- If you want to invite people for a survey using a smartphone, you will have to send twice as much invitations as when you want to invite people for a survey that is to be filled in on a more static device (laptop/desktop)
- People rarely rotate their screen once they have begun filling in a survey.
- When you use a Likert scale (5 point scale), you will find out that people that do not know the answer, fill in the middle answers, since that is considered to be neutral. If you add an extra option “Don’t know”, you will attract less “Neutral” answers. Research found out that the reason for filling in the “middle position” (when there is no “Don’t know” option) can be:
- Really do not know
- Cannot decide
- No opinion
- Not interested in the question
- (And maybe, my addition) I do not want to express myself on this issue.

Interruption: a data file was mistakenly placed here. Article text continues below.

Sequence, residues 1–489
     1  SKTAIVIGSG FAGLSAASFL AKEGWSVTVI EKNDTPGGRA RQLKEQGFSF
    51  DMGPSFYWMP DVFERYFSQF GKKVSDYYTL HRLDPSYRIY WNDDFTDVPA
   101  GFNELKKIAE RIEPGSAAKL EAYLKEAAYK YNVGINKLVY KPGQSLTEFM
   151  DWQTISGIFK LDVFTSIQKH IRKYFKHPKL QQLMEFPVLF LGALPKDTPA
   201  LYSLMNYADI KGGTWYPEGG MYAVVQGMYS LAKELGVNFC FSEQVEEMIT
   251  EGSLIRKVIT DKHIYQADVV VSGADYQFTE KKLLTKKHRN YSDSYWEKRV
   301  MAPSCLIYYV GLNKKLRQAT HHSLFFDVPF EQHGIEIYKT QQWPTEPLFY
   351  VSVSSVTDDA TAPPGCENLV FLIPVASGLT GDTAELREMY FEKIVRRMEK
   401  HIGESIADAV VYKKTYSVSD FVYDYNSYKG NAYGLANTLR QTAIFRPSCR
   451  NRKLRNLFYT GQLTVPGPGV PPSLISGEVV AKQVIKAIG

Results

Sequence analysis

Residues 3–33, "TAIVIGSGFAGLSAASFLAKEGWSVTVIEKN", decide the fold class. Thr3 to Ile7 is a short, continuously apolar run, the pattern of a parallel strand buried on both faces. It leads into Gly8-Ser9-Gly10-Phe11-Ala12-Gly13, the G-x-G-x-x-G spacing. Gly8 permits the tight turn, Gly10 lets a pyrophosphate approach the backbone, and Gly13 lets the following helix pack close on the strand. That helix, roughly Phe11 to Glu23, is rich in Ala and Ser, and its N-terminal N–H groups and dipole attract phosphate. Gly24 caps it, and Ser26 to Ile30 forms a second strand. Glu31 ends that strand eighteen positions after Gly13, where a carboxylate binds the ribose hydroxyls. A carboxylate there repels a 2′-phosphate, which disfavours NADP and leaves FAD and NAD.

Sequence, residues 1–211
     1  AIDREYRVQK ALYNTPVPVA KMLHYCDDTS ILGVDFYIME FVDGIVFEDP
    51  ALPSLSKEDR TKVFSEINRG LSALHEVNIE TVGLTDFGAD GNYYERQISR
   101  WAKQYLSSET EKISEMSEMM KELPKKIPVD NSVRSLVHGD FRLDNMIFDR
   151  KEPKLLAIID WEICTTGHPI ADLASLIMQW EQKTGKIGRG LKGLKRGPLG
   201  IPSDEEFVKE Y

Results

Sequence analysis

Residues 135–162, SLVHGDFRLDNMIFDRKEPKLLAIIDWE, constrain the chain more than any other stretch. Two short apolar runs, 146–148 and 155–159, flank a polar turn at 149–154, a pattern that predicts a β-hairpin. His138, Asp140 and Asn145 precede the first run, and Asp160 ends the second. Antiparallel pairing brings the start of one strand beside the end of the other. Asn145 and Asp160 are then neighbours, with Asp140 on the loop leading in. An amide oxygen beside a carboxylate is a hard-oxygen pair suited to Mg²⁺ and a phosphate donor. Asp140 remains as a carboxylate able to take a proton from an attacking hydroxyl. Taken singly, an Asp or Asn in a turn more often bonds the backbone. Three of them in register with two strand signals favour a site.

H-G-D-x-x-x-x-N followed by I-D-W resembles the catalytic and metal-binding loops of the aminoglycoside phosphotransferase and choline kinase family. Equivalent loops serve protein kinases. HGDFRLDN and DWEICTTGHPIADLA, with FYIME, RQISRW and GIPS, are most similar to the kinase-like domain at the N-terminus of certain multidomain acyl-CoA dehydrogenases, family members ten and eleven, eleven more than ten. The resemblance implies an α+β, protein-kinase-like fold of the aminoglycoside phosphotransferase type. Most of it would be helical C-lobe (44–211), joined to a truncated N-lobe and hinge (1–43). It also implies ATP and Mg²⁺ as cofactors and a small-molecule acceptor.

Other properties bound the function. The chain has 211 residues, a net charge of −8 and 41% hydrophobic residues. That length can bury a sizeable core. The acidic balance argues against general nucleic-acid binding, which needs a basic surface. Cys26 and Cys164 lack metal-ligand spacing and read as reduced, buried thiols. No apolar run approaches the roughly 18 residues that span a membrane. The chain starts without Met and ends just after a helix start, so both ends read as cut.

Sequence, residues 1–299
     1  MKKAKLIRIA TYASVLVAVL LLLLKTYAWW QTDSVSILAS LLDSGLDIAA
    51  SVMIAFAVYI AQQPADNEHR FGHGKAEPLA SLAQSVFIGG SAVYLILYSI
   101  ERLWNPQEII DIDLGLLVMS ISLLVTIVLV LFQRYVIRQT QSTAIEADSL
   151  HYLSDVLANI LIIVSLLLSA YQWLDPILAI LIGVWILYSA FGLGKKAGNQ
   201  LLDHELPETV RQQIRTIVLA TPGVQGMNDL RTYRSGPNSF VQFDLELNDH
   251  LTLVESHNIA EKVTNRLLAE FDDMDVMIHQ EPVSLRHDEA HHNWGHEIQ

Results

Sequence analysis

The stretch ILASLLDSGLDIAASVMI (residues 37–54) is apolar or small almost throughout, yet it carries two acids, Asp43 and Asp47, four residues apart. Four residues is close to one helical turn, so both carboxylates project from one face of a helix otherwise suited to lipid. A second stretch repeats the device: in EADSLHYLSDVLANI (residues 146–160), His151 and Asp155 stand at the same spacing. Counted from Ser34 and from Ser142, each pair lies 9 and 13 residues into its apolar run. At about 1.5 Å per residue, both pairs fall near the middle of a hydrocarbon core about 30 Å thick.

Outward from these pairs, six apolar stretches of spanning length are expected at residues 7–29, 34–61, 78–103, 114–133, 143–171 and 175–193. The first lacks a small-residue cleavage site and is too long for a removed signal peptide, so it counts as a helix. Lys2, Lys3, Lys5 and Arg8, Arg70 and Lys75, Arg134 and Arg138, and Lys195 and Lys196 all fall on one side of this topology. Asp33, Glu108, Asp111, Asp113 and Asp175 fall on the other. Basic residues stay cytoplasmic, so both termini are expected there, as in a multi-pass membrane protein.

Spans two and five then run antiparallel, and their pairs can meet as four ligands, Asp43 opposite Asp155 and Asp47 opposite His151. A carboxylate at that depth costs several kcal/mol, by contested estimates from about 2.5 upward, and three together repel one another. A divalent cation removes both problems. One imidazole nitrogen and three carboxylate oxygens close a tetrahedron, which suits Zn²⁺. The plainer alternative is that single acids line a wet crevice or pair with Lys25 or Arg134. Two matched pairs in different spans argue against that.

Conclusion of the research: adding a “Don’t know” option does not add to the answer quality, although it may respect the respondent that does not know how to answer more.
- Should you use semantic scales or numeric scales or a combination? When using smaller screens it is tempting to use numeric scales. No text would lessen the burden and possibly give better data quality was the assumption. The researcher compared these two scales:
and she found out that when you offer the numerical scale, people tend to score more on the extremes (0 and +4) than when the semantic scale is offered. I think that this experiment is incomplete, because a scale of 0 to +4 (why is the plus sign used?) people might think that the scale could be longer, like 5, 6 or 7. I think that when you offer a scale using the values 0, 25, 50, 75 and 100 gives much more the feeling of a closed scale.
We hope that this gave you some insight. Please evaluate just the way as described on the conference!